I Blame Robert Smith…

At fourteen, I was a bona fide Goth. Black of eyeliner, crimped of hair, and with a tendency towards a shyness and melancholy. Small-town life in rural Perthshire just wasn’t cutting it for me. I wanted to see bands, dance and theatre, but there was nothing within the vicinity and we were a working classContinue reading “I Blame Robert Smith…”

This Nation’s Saving Grace: The First Time The Fall Flirted With Pop

There’s something wonderfully opaque about The Fall’s This Nation’s Saving Grace. No change there, you might say, but I’ve got a theory about this. Their eighth album is a strange one, but it’s incredible. It seems like the more commercial they tried to sound, the more the twinkling keyboards and big fat riffs drew attentionContinue reading “This Nation’s Saving Grace: The First Time The Fall Flirted With Pop”

My Valentine’s Day Playlist

What a load of shit. Mass marketing at its finest, right? If you love someone, make them feel special ALL the time, sans rose petals, chocolates or a fancy, overpriced dinner. St Valentine is like the Easter bunny to a lot of people, or the concept of Christian religion: a nebulous, fuzzy set of ill-conceivedContinue reading “My Valentine’s Day Playlist”

Overlooked Classics: Bauhaus- In The Flat Field

We need to talk about Bauhaus. No, not the German art movement, although it’s hugely influential and important. The debut album from the English band is also the very first album ever released on 4AD. I feel Bauhaus are often unfairly dismissed as pretentious pretty boys and mere Goths, like a haircut that you growContinue reading “Overlooked Classics: Bauhaus- In The Flat Field”

Overlooked Classics: The Birthday Party- Junkyard

Few albums sound like their cover art. Junkyard is one such record. The follow-up to debut Prayers on Fire, it’s a riot. The Birthday Party were like a marauding razor gang. Every track is a little electric shock: pure viciousness, matching the Ed Roth/ Dave Christensen artwork. GrIpped by drugs and demons, the Australian post-punkContinue reading “Overlooked Classics: The Birthday Party- Junkyard”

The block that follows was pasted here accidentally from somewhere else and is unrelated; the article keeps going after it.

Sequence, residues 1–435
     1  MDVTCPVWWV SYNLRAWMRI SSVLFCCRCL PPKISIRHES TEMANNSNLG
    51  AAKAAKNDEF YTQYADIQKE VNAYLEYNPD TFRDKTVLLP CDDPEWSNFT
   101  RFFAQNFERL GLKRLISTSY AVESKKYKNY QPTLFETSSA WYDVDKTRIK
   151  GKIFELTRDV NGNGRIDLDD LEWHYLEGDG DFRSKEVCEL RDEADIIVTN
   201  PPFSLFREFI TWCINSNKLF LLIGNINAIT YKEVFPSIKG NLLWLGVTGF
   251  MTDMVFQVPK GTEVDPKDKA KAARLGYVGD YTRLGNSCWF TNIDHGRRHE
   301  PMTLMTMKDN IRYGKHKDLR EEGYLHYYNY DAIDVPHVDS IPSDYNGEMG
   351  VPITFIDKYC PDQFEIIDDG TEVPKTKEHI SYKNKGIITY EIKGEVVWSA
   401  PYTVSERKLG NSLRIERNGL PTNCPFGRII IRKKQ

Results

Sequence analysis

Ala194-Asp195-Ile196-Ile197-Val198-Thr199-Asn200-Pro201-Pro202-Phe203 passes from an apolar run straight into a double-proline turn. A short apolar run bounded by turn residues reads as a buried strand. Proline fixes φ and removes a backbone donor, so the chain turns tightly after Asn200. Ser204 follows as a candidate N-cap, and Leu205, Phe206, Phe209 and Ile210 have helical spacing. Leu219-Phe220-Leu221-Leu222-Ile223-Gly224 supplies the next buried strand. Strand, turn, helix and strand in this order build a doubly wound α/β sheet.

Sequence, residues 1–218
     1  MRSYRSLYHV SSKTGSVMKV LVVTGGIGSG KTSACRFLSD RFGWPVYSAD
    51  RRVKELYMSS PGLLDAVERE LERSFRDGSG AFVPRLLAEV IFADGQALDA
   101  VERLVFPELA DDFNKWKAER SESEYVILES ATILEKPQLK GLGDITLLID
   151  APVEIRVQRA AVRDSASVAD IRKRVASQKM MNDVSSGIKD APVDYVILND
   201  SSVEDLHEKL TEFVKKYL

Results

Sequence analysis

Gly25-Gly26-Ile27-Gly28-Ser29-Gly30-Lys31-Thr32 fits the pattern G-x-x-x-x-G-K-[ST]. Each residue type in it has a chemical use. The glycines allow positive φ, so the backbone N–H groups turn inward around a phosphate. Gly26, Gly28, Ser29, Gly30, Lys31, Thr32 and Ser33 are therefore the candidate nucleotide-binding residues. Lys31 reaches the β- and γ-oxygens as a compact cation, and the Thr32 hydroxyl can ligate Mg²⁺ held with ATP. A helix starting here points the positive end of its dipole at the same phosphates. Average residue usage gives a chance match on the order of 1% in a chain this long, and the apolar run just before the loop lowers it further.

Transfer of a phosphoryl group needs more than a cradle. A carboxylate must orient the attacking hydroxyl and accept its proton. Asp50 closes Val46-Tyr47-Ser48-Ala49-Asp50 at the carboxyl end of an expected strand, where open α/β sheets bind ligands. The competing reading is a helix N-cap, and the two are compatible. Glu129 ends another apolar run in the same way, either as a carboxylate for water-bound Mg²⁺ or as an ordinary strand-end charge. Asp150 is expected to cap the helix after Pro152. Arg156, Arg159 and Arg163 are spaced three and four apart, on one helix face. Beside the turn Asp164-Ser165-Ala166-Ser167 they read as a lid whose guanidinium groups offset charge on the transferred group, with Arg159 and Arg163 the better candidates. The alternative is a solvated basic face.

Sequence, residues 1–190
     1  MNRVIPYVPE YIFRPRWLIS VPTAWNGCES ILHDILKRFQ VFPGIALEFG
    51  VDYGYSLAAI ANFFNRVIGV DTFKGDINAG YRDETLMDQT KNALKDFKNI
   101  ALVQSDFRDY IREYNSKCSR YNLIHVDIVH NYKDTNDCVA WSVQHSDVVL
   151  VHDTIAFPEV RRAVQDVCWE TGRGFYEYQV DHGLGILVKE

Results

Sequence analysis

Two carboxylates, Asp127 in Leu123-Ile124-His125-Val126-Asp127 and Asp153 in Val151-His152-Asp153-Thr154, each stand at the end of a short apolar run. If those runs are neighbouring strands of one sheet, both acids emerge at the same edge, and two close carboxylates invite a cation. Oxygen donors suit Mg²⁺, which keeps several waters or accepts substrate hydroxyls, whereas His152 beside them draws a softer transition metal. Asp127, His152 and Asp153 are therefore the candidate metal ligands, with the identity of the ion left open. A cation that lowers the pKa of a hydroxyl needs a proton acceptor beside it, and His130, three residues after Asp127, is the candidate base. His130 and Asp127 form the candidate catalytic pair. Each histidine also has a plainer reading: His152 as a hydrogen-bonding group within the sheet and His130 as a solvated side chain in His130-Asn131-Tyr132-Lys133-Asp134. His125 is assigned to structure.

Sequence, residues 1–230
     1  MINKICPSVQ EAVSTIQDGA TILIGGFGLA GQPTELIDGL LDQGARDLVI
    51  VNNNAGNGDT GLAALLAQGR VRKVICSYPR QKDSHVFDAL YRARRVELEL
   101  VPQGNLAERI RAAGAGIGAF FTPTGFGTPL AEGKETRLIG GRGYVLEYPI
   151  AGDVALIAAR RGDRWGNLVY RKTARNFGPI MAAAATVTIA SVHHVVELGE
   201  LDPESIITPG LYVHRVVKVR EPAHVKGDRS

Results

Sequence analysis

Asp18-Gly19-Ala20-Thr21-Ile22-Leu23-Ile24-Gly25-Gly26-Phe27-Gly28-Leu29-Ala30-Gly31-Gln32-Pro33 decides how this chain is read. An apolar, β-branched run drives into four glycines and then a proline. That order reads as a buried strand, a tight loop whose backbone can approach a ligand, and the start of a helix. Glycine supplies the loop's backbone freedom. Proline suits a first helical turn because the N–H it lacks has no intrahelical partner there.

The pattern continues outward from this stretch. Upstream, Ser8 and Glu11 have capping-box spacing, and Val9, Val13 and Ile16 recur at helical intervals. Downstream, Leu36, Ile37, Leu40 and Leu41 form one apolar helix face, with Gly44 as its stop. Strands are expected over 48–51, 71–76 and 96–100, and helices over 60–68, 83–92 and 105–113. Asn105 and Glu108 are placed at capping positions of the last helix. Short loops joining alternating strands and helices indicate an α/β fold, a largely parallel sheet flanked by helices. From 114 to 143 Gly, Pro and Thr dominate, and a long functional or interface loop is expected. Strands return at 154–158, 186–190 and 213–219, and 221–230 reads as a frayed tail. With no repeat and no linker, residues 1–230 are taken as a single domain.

Always Tip The Waitresses

Before Wet Leg, Dry Cleaning and sundry damp post-punk/ new wave- inspired bands so beloved by Lammo etc, there was a band formed by a bunch of Ohio misfits, The Waitresses. Effortlessly cool, the band fused skronky saxophone, a la No Wave band James Chance and The Contortions, with pop sensibilities. When Chris Butler, whoContinue reading “Always Tip The Waitresses”

Oh! Brother Podcast

You have probably gathered by now (especially if you read our previous blog The Tempo House) that we’re fans of The (Mighty) Fall. So I thought it was time to write about the podcast which references all things concerning The Fall, Oh! Brother. Hosted by the band’s classic rhythm section, Paul and Steve Hanley, theyContinue reading “Oh! Brother Podcast”

Record Label Of The Month: Upset The Rhythm

Based in London, indie promoter and record label Upset The Rhythm is the epitome of punk. Formed in 2003 as a promoter, they officially launched as a label in 2005. Featuring bands like Deerhoof, Trash Kit, Terry, Sauna Youth, Rattle, Kaputt, and most recent signing, Japanese punk band NicFit, they specialise in lo-fi, post-punk andContinue reading “Record Label Of The Month: Upset The Rhythm”

Lydia and Rowland- Some Velvet Morning

Cover versions are always interesting when they’re cut to ribbons. So it is with Lydia Lunch and Rowland S Howard’s 1982 version of the Nancy Sinatra and Lee Hazlewood classic. Already pretty trippy, as befits a proto- psychedelic nursery rhyme, Lunch and Howard decided to make it even murkier. The duo, who met during Howard’sContinue reading “Lydia and Rowland- Some Velvet Morning”